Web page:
Wrapping up their three-day meeting at the Baptist church in Flagspring, Kentucky’s Campbell County Association of Baptists issues a circular letter to be distributed to member congregations. As voiced in the circular letter, the subject of the war is heavy on the hearts of the delegates as they lament the disunion of the nation. Kentucky’s status as a border state with mixed loyalties is evident in the anguished feelings of delegates.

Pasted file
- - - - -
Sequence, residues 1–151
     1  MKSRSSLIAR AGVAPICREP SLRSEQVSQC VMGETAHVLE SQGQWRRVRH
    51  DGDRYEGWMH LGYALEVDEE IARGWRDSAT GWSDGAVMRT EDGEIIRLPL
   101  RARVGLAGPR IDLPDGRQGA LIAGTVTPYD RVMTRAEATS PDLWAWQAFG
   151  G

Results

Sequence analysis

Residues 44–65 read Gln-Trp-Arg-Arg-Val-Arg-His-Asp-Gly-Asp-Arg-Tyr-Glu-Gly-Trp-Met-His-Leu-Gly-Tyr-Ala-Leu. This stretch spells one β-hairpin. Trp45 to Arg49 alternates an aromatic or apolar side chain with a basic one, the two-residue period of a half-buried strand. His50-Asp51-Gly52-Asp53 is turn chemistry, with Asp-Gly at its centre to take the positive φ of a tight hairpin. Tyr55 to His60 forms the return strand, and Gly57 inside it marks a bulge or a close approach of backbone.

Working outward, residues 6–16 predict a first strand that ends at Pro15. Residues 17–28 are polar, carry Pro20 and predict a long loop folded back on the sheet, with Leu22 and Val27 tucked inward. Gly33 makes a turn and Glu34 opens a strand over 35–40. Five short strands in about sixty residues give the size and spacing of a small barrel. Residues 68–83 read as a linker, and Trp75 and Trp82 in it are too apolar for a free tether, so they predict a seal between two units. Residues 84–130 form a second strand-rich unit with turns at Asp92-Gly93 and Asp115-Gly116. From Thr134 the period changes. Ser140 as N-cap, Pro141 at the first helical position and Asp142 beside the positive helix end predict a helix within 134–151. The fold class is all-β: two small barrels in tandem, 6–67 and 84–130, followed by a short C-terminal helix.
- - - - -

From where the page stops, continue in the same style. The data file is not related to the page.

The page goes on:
“Might it be said that the nineteenth century has prostituted the purity of the gospel to so base a purpose as arming brother against brother? Or if this must, in truth, be acknowledged, shall it be that the elements of the Campbell County Association must carry out the same intolerant spirit? God forbid! If Christian love and fellowship were as the spirit of the gospel would have them, this could never be: yet the fellowship of churches (not in this Association) has been entirely destroyed by the introduction of political issues …. how fearful the ground upon which any brother stands, if he feels in his heart a rising hatred towards a brother whose greatest fault may be honestly differing upon the politics of the day.”